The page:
Dividend Yield Strategy

Submitted by Share Trading on 30 August, 2010 - 16:04

The Dividend Yield strategy, of the Dividend Yield Play or Dividend stripping, is a well known strategy which investors and traders take advantage of from time to time.

The dividend yield strategy is simply this: buy the stock before the exdividend. Hold it until the ex-dividend date. Sell the stock. Rinse and repeat to receive the dividend and the franking credits. (However, you may need to hold the shares for at least 45 days to be eligible to receive franking credits. This rule doesn’t apply if your total franking credit entitlement is less than $5,000 in one year.

Dividend Yield Case Study

Consider the variables of this dividend strategy: to exit profitably, an optimum case study would be that you bought the stock at a low price a few weeks before the dividend. The stock price rises during the weeks leading to the date. At ex dividend, the stock price falls, but not below your entry price. You receive the dividend and exit by selling your shares profitably as it the stock price didn’t fall under your entry.

A catastrophic example is if you entered into the trade at a certain price. And because of company, sharemarket or economic circumstances, the share price falls on the weeks or days leading to the exdiv date. The stock price falls further on ex dividend. Although you've received the cheque for the dividend and the credits, you are far more out of pocket if you exit. Depending on your trading plan, you may wish to cut your losses and exit your position anyway at a loss; or if you wish to stick it out and wait for a stock recovery, your dividend yield play can possibly turn into a long term investment.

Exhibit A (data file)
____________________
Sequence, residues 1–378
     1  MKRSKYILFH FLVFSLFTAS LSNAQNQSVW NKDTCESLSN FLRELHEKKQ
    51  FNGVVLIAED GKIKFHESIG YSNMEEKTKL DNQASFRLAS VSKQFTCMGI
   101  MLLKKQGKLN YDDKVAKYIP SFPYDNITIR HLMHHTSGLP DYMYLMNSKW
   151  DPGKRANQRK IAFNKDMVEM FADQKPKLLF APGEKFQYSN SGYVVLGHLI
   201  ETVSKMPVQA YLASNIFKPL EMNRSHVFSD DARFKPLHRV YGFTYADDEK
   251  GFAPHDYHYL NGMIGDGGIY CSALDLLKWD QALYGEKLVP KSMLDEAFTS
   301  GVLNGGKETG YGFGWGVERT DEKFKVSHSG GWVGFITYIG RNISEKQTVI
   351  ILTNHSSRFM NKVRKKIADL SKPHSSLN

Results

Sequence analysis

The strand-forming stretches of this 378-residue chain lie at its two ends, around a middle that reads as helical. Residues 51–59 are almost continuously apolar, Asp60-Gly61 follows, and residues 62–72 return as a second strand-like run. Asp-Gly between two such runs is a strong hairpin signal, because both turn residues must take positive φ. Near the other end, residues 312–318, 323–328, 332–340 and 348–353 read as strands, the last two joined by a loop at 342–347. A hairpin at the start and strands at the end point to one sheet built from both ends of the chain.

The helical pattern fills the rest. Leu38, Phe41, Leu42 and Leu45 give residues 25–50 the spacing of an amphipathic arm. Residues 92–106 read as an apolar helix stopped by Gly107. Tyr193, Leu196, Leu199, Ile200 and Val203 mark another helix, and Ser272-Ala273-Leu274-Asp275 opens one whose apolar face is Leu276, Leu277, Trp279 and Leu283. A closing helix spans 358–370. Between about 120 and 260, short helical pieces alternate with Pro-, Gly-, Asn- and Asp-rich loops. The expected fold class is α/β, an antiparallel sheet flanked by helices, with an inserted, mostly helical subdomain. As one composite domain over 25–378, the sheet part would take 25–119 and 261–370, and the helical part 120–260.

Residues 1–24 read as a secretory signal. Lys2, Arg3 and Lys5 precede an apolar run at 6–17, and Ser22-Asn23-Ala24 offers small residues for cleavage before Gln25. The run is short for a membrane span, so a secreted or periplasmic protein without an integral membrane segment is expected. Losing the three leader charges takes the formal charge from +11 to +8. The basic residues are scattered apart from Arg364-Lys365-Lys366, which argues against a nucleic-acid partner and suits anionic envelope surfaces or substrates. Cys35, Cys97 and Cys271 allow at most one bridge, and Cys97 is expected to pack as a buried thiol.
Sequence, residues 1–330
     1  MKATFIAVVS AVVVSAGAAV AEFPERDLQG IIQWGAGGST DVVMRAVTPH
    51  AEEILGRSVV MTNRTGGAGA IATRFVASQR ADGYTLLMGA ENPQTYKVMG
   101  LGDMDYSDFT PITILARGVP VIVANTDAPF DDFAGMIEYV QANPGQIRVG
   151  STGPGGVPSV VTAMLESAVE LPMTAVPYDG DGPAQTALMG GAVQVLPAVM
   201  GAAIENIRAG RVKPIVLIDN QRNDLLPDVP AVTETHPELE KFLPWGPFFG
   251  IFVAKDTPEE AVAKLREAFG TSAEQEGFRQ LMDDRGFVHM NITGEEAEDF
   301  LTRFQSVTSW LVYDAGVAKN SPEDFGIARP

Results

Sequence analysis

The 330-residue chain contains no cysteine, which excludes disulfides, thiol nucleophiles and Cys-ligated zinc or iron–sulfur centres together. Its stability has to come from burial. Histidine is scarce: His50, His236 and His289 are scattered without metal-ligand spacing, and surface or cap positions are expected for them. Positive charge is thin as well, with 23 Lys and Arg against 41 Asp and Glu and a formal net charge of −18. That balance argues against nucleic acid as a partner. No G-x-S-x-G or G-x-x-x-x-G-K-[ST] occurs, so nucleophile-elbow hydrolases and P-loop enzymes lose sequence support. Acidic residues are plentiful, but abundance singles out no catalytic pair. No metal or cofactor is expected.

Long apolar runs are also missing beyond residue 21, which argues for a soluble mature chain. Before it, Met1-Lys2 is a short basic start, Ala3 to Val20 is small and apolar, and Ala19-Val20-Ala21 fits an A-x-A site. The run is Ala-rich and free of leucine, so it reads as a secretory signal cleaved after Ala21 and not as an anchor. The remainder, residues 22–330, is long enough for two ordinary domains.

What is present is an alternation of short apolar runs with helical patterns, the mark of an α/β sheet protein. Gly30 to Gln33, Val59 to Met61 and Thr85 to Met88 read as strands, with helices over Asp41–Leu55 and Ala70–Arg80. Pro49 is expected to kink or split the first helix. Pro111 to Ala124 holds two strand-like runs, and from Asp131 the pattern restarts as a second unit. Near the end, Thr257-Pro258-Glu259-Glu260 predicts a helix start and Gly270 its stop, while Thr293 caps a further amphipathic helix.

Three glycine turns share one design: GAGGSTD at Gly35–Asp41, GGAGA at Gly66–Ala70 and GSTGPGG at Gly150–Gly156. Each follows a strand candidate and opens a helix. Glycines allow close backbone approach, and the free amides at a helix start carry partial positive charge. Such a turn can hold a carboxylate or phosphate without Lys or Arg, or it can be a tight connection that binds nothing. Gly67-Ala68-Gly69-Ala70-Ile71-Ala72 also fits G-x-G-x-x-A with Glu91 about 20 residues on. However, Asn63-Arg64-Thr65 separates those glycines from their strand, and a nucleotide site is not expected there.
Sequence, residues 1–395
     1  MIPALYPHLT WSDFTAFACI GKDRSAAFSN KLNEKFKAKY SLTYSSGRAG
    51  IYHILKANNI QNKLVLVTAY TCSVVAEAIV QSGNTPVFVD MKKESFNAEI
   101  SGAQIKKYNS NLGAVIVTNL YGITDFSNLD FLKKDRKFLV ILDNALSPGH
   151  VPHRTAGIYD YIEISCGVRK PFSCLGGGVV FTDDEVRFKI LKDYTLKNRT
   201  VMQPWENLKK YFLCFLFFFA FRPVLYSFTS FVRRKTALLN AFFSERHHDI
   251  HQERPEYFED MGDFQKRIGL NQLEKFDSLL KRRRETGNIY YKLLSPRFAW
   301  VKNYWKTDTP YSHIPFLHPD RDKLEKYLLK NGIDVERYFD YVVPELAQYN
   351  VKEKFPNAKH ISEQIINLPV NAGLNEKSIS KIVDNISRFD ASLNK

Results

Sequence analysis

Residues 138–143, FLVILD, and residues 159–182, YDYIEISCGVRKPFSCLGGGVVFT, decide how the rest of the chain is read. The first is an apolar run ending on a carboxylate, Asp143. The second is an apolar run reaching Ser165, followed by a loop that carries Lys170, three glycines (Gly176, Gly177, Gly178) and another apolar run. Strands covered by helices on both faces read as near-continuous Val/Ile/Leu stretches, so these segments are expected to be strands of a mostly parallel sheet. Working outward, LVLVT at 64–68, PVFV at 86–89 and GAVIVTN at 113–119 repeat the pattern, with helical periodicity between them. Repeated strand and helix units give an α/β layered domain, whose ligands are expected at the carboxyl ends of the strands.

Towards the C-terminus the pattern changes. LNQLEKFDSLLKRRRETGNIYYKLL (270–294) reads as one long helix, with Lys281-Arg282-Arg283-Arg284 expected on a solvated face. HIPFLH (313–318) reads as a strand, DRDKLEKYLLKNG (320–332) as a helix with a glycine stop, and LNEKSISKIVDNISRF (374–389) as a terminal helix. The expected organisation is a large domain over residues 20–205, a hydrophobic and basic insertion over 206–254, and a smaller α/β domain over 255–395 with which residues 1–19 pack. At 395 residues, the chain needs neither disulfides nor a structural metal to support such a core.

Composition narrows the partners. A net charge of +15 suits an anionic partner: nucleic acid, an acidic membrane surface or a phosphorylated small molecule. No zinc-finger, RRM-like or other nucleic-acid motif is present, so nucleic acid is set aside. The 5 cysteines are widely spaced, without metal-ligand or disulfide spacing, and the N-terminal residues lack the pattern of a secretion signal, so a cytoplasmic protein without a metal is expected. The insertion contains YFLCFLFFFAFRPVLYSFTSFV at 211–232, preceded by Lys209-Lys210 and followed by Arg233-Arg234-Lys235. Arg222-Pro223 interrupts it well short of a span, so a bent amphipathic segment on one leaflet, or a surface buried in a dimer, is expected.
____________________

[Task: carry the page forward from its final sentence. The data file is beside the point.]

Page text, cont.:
Maximise Your Dividend Yield

To maximise your dividend yield, instead of using stocks, you may wish to use a derivative which is traded on the Australian stock market: an instalment warrant. Be warned that this is a leveraged financial instrument and it carries both benefits and risks.

The dividend yield strategy isn't fool proof, it works sometimes and from time to time. Always consider the company and the company's future plans and prospects. Be wary of the risks of the dividend yield play and talk to your financial advisor and do some research. Learn about dividend dates .

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